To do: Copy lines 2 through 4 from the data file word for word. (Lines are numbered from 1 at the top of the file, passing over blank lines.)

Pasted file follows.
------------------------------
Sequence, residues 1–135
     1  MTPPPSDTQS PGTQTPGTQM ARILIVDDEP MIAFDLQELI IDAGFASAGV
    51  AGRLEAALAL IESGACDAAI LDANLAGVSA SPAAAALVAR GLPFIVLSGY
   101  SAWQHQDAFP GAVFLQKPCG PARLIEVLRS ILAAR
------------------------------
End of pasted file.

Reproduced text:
     1  MTPPPSDTQS PGTQTPGTQM ARILIVDDEP MIAFDLQELI IDAGFASAGV
    51  AGRLEAALAL IESGACDAAI LDANLAGVSA SPAAAALVAR GLPFIVLSGY
   101  SAWQHQDAFP GAVFLQKPCG PARLIEVLRS ILAAR